Author's School

Graduate School of Arts & Sciences

Author's Department/Program

Biology and Biomedical Sciences: Molecular Genetics and Genomics


English (en)

Date of Award

Summer 9-1-2014

Degree Type


Degree Name

Doctor of Philosophy (PhD)

Chair and Committee

Sheila A Stewart


Age is the number one risk factor for the development of cancer. While accumulation of epithelial cell mutations is a driving factor for this risk, the role that the tumor microenvironment plays in this process is now well established. Indeed, seminal work has shown that tumorigenic cells unable to grow in xenografts can form tumors when supportive stromal cells are present. Work by many laboratories has demonstrated that a wide variety of cells including endothelial cells, immune cells, the extracellular matrix and fibroblasts can all assume a pro-tumorigenic phenotype.

Like cancer-associated fibroblasts (CAFs), senescent cells promote all stages of tumor development and progression. We and others have demonstrated that senescent fibroblasts have an altered expression profile known as the senescence-associated secretory phenotype (SASP). The SASP is composed of pro-angiogenic, pro-inflammatory, pro-growth and extracellular matrix remodeling proteins. Through the SASP, senescent cells promote all stages of tumorigenesis. Interestingly, senescent fibroblasts accumulate in human tissues with age, making them potential players in increasing cancer incidences.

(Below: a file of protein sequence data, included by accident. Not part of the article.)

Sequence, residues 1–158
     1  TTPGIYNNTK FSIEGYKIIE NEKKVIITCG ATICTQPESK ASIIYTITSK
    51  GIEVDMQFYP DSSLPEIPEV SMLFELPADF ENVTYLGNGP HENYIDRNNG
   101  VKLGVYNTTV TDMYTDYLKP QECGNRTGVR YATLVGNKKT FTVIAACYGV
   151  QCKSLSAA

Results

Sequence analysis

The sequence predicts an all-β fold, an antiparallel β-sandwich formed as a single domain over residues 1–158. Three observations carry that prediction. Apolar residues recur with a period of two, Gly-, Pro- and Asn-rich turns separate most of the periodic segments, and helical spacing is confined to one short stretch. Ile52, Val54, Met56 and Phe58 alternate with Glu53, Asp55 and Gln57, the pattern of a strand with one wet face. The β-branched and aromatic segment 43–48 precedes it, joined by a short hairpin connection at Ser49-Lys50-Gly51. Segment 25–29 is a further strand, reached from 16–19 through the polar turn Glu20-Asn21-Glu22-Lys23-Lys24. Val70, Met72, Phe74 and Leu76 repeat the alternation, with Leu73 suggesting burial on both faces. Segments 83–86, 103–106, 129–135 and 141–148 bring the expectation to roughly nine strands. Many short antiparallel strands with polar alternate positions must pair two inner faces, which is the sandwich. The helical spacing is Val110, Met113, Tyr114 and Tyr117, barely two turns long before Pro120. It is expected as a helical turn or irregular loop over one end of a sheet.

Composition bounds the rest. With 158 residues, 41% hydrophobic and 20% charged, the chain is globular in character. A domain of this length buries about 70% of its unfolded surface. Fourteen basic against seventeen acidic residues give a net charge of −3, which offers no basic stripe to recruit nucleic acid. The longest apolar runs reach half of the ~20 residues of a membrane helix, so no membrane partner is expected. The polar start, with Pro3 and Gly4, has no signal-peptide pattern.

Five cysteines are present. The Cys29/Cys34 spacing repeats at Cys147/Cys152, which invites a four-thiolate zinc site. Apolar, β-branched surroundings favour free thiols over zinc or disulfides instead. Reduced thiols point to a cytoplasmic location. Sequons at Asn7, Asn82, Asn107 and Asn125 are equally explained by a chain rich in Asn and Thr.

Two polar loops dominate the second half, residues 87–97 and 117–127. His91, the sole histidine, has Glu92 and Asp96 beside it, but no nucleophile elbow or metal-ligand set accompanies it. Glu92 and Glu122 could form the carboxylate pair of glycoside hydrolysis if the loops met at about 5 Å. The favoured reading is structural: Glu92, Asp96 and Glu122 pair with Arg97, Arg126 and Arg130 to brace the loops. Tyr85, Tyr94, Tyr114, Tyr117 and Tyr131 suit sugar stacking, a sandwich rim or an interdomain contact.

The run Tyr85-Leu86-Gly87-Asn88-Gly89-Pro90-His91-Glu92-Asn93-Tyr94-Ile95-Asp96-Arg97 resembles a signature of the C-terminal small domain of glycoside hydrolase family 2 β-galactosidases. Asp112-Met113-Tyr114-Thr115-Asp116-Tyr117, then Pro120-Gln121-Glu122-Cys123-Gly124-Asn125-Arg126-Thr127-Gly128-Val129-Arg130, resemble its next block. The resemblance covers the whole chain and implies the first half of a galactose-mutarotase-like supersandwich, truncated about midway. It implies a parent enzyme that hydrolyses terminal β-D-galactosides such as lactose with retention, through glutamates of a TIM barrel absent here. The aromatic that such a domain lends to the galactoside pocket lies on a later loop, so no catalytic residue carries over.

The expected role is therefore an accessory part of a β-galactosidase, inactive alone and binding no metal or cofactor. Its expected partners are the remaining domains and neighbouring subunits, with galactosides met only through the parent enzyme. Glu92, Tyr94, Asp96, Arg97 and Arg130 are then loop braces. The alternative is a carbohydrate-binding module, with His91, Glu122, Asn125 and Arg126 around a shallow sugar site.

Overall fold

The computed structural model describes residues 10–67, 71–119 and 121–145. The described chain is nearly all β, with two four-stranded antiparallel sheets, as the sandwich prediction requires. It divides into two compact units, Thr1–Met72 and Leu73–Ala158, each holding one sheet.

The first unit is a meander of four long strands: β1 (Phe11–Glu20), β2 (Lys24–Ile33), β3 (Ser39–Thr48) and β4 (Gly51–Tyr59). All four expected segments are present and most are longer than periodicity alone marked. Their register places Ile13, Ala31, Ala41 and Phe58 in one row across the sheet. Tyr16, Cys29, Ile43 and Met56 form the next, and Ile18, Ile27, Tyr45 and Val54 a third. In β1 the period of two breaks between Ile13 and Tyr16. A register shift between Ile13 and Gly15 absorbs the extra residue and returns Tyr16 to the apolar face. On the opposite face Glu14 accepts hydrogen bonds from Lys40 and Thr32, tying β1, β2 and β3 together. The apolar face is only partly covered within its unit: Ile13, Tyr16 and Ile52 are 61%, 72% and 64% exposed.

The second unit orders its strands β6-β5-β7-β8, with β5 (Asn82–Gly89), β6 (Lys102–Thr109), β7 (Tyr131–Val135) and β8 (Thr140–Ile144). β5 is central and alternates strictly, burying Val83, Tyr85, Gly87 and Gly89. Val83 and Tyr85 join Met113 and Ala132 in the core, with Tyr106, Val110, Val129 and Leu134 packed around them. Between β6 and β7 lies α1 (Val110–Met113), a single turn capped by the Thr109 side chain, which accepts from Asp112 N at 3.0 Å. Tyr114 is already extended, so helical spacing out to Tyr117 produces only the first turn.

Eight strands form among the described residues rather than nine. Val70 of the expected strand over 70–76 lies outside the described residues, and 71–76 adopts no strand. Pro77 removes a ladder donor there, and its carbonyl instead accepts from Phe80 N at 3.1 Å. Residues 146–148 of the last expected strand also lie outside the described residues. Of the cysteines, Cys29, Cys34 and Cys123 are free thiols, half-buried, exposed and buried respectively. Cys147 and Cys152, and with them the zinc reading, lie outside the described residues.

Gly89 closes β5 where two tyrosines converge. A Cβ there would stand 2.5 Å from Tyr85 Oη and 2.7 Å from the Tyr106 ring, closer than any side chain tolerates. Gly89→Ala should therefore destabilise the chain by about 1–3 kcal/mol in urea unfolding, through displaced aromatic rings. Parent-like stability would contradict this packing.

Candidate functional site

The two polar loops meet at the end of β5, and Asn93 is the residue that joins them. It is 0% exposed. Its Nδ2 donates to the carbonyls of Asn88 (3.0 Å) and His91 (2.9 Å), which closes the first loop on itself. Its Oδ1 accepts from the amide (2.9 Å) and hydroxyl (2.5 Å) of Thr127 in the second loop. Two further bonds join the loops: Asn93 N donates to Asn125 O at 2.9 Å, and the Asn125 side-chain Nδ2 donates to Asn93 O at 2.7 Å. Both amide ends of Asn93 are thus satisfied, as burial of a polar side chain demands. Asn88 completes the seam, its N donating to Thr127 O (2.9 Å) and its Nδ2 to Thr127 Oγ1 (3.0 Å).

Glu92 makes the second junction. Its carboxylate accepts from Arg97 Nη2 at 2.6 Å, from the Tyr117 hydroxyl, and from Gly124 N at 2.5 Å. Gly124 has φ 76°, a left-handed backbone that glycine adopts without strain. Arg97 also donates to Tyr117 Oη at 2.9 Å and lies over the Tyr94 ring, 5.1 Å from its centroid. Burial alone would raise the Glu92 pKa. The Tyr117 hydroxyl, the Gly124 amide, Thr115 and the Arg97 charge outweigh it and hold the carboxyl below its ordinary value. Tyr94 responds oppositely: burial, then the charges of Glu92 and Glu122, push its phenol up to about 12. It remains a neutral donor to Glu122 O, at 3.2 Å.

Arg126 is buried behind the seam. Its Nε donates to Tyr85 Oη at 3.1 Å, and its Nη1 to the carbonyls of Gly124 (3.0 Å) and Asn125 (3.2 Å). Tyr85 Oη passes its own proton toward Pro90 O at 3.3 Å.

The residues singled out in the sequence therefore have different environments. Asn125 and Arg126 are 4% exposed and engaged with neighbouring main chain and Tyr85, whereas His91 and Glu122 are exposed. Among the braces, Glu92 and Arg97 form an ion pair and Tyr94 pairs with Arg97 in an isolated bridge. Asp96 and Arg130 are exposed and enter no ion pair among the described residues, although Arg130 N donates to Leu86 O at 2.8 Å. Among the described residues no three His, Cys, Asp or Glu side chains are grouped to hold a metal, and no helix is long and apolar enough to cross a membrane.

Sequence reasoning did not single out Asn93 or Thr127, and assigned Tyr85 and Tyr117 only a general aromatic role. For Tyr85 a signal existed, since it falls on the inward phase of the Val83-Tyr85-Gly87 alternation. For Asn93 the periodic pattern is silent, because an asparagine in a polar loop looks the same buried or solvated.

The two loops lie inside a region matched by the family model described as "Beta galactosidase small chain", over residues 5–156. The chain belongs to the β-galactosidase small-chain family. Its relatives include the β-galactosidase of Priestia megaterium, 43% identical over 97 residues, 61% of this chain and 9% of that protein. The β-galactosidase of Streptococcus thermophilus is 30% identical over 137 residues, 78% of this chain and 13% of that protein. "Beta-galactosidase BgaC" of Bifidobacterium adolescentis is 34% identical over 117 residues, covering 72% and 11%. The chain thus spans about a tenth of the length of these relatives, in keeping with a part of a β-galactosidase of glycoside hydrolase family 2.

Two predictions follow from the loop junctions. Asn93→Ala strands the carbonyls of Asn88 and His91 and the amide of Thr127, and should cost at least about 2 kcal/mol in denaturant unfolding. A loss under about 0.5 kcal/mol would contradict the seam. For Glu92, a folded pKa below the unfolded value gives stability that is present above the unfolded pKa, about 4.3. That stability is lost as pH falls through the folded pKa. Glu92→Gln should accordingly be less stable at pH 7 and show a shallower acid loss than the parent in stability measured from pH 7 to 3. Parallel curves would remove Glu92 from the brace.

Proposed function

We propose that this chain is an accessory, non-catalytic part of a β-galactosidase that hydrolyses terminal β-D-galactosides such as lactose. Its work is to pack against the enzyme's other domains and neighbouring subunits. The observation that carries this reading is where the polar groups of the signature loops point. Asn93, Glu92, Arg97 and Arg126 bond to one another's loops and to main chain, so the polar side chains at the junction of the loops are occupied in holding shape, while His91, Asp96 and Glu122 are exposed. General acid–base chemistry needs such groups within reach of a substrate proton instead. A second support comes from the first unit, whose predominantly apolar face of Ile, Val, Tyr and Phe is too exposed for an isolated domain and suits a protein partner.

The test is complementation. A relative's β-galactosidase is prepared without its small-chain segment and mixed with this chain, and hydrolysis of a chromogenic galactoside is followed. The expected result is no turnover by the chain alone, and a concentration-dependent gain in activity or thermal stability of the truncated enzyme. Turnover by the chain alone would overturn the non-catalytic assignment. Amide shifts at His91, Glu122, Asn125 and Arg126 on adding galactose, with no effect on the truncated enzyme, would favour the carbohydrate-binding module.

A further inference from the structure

Given the profound impact the SASP has on nearly every step in the tumorigenic process it is important to understand how it is regulated. Furthermore, identification of SASP regulatory pathways will identify targets for anti-cancer therapies aimed at inhibiting the pro-tumorigenic microenvironment. I have investigated the regulation of the SASP on several different levels. My work has uncovered a novel transcriptional regulator of SASP factor expression, c-myb. I have also identified a post-transcriptional regulatory network composed of p38MAPK and the RNA-binding protein AUF1, which regulates SASP mRNA stability and sustains SASP expression after the induction of senescence. Finally, I have demonstrated that p38MAPK is a viable stromal-specific therapeutic target for the inhibition of tumor-promoting microenvironments in general, not just those containing senescent fibroblasts. Indeed, cancer-associated fibroblasts (CAFs), which promote tumor growth through an altered gene expression profile similar to the SASP, are dependent upon p38MAPK activity. Inactivation of p38MAPK using an orally administered small molecule inhibitor results in significant blunting of both senescent fibroblast-driven and CAF-driven epithelial cell growth.


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